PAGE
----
- Pier 55 Floating Park (previously Pier 54) will “revitalize a part of Hudson River Park with almost three acres of new public park space featuring lush greenery and a diverse array of world-class arts, educational and community programming. Walking paths, rolling hills, seating areas and open lawns will give room to roam for visitors of all ages. A green belt of more than 100 species of trees will mesh with public art installations to bring a fresh new look to the waterfront.”
- Pier 57 built in 1952 and is considered significant because of its innovative engineering design by Emil Praeger, who also designed floating piers for Allied landings in World War II is being transformed into a mixed use development with a food marketplace, office uses and new public open space.
The Meatpacking District is the “test kitchen” for innovation. The amalgamation of many different workforce sectors: Technology | Fashion & Design | Food & Hospitality and Arts & Culture generates an inspirational and experiential vibe. Whether a visitor or a local resident the Meatpacking District is continually creating new sensory experiences that challenge perceptions, enable exploration and create wonderment. It’s prime location on the waterfront is the canvas that the old and new architecture is juxtaposed upon.
The good weather is still here and perfect for exploring the many New York Neighborhoods. Don’t delay taking advantage of the many sites and activities that abound – Only 60 days remain of summer. This Friday, July 27th welcomes the Thunder Moon, the longest total lunar eclipse of the 21st century. The total phase of the “blood moon” eclipse of July 27th will last 1 hour and 43 minutes, during which the Earth’s natural satellite will turn a spectacular red or ruddy-brown color. From start to finish, the entire celestial event will last nearly 4 hours. The eclipse won’t be visible to viewers in North America, except via webcasts. But observers in much of Africa, the Middle East, southern Asia and the Indian Ocean region will have a spectacular viewing.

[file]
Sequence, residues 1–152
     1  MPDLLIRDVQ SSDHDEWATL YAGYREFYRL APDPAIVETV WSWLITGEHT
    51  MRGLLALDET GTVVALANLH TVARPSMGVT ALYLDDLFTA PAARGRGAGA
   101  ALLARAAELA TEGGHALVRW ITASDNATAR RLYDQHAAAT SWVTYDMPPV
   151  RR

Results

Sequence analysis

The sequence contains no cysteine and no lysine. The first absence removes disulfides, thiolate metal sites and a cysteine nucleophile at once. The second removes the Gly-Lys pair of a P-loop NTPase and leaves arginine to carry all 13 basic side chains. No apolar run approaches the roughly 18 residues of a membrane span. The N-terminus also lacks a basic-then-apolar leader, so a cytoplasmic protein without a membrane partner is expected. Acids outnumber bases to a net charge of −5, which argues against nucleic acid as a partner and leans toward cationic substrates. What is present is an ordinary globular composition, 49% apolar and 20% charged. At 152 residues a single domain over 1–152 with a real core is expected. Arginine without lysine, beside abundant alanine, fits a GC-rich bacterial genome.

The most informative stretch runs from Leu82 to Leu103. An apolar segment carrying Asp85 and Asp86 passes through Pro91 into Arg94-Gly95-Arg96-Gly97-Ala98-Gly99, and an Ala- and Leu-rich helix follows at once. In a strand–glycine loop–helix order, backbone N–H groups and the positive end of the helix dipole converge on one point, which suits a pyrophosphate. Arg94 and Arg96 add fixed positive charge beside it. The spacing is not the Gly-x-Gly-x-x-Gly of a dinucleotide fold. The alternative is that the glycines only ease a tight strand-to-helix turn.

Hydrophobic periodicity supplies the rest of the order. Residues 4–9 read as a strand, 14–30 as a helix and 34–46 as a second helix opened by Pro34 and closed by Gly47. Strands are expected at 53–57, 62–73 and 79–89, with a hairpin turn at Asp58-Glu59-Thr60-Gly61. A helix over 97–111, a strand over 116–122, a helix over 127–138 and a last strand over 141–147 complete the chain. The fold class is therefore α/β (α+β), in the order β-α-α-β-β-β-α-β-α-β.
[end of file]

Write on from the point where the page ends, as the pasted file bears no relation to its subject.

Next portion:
This summer head west and venture to the Meatpacking hot spots. Cool off with a libation at one of the trendy hang-out: Brass Monkey – 55 Little West 12th, The Tippler – 425 West 15th, Troy – 675 Hudson, Woodstock – 446 West 14th Street, The Standard Biergarten – 848 Washington, Common Ground Bar – 63 Gansevoort. Or, have a meal at 1868 Old Homestead Restaurant, a reflection of the areas bovine roots. Let me know if I can be of service to someone from your network who would enjoy a Sunday Open House list for an area they are exploring or would like a neighborhood Market Report. It’s always a pleasure to hear from you so give me a call and let me know what’s on your mind.
“One can’t paint New York as it is, but rather as it is felt.” ― Georgia O’Keeffe
“At night… the streets become rhythmical perspectives of glowing dotted lines, reflections hung upon them in the streets as the wistaria hangs its violet racemes on its trellis. The buildings are shimmering verticality, a gossamer veil, a festive scene-prop hanging there against the black sky to dazzle, entertain, amaze.” — Frank Lloyd Wright